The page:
This is the third of Tom Cox’s books that I’ve pledged towards. Normally I’ve started to read them almost before I’ve taken the packaging off. But not this time. I decided I would restrain myself and savour the event. Make it last. For without a doubt a new Tom Cox book is an absolute joy.
Ring the Hill offers a return to Tom’s non fiction writing after his fiction foray with Help The Witch. ( I do hope he will explore fiction again.) It seems such an effortless narrative, I’m sure it isn’t, but sometimes it’s like you’re having a chat with a mate who is sharing, with loquacious enthusiasm, something he’s found out and is overflowing to tell you. It’s very uplifting. It’s warm and it’s witty and it’s honest. The love and reverence for the natural world is the life blood of this book and Tom’s devotion is infectious. I wanted to go out and see some hares, I wanted to swim, I wanted to climb Glastonbury Tor. I wanted to sit in the sun with Roscoe and Ralph. I felt the chill and snow depression of the Derbyshire winter.I wanted to make sure Clinton was safe. I wanted to live in The Magic House. And I wept all over again for the loss of The Bear and Shipley.
And if all of the above pertain to a somewhat emotional response to the book rest assured that there is plenty of folklore and information to excite and satisfy the more cerebral of readers out there. Illustrated with Tom’s own photos and some beautiful contributions from his talented mum this is a nature book to entertain the curious. And would you just look at that cover?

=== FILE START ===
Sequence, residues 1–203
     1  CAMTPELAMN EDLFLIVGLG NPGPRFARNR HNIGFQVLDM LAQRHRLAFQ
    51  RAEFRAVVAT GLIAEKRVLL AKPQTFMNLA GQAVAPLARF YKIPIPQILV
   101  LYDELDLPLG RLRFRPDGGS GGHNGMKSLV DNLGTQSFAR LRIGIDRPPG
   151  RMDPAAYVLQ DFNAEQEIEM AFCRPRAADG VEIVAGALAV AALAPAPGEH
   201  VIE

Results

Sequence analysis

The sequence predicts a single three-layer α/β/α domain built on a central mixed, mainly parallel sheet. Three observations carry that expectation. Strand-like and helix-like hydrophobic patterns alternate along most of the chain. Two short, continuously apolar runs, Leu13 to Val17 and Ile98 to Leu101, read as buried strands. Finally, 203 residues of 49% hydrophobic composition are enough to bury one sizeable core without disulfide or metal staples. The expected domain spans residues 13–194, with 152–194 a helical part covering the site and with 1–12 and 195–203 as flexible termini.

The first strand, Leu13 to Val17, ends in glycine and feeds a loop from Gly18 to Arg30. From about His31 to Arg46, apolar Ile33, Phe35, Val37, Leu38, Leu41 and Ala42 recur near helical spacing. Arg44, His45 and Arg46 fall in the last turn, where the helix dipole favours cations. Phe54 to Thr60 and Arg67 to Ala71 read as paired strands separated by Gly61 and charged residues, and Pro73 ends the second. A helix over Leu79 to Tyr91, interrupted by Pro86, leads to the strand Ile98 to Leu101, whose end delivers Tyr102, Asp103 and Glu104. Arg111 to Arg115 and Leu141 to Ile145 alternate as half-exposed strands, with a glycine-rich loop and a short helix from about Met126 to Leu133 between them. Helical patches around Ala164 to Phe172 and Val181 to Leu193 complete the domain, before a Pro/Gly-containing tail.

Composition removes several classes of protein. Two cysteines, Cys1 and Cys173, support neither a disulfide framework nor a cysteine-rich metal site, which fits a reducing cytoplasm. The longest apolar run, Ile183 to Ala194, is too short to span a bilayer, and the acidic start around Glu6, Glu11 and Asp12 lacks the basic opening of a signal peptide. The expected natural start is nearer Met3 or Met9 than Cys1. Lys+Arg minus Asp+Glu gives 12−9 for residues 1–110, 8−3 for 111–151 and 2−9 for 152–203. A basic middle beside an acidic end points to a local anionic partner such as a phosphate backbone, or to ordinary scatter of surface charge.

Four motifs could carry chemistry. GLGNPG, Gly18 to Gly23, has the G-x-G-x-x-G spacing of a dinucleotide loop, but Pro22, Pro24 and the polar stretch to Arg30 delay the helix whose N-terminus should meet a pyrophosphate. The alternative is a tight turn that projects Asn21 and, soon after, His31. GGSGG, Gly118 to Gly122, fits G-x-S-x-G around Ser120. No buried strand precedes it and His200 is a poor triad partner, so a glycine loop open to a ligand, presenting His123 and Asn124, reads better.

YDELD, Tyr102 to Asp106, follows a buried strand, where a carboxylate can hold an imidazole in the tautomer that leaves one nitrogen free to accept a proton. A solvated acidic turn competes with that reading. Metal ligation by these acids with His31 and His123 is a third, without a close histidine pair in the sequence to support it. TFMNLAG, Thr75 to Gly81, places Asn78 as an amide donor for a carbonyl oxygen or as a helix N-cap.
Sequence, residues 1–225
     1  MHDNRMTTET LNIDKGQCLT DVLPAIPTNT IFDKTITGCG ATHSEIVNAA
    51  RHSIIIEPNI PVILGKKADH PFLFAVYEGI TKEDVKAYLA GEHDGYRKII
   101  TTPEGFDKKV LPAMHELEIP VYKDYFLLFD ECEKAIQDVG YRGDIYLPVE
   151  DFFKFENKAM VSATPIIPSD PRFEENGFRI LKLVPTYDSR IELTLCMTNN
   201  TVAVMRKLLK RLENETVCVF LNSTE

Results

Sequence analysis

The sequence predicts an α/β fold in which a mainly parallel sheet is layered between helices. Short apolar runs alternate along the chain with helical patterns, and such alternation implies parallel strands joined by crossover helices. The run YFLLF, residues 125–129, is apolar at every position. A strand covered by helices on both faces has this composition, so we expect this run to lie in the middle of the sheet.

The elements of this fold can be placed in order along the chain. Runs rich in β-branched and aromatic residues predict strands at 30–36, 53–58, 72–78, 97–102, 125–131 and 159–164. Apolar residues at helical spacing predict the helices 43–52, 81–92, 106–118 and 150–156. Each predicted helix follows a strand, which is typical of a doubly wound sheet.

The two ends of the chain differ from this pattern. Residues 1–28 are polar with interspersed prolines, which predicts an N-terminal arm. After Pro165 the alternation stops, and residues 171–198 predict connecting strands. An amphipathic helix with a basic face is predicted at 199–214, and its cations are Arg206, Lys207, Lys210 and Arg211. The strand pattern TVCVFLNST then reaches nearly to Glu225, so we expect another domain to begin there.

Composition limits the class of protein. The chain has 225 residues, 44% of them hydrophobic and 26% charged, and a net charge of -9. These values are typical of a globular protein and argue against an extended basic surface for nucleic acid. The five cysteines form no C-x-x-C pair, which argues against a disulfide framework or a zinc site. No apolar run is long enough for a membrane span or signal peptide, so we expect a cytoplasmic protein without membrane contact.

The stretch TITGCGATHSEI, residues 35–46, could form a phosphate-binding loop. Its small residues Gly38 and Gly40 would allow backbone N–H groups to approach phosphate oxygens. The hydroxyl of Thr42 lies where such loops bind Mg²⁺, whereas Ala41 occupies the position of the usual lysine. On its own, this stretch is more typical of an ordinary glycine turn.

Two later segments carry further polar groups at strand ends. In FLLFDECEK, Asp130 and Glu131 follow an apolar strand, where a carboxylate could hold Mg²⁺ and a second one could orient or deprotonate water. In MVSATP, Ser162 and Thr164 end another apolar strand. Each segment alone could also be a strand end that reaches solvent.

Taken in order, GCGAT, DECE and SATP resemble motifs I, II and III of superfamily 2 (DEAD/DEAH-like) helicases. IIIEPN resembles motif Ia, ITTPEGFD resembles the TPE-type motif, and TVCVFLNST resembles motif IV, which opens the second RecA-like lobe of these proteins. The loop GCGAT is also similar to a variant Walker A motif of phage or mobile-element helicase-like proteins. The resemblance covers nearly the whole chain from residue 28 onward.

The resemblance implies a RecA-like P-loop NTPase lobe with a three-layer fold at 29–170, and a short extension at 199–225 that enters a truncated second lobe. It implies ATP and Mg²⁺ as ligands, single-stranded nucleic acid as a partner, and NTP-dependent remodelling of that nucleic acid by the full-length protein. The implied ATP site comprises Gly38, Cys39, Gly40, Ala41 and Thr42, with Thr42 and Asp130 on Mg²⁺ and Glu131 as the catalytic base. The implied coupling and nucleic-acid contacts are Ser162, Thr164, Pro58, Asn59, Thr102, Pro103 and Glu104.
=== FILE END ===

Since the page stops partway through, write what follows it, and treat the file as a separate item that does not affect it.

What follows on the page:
And as always, and how I would be complaining were it not so, TOM’S DAD OFFERS US HIS IRREPRESSIBLE TAKE ON LIFE. With just a simple change of case Tom’s word portrait of his Dad is so vibrant you feel like you’d know Mr. Cox senior if you met him.
Tom’s books are unique I think because in many ways they are genre defiant. They are never ‘just’ nature books, or books about cats, neither are they ‘simply’ a memoir or autobiography. They are portals into one man’s original and positive take on life and the world we live in. We would do well to take Tom on as a role model and try to emulate. In this book Tom Cox shows us that life does not have to be complicated. Take a walk in the landscape around you and look at the beauty of all things natural. Chat with people you encounter on the way. They all have their stories to tell. Everyone can do this and be better for it. (Maybe not move house so many times though! ;) )
My thanks to Tom Cox for the writing of this book. Reader, I loved it and I'm a better person for reading it.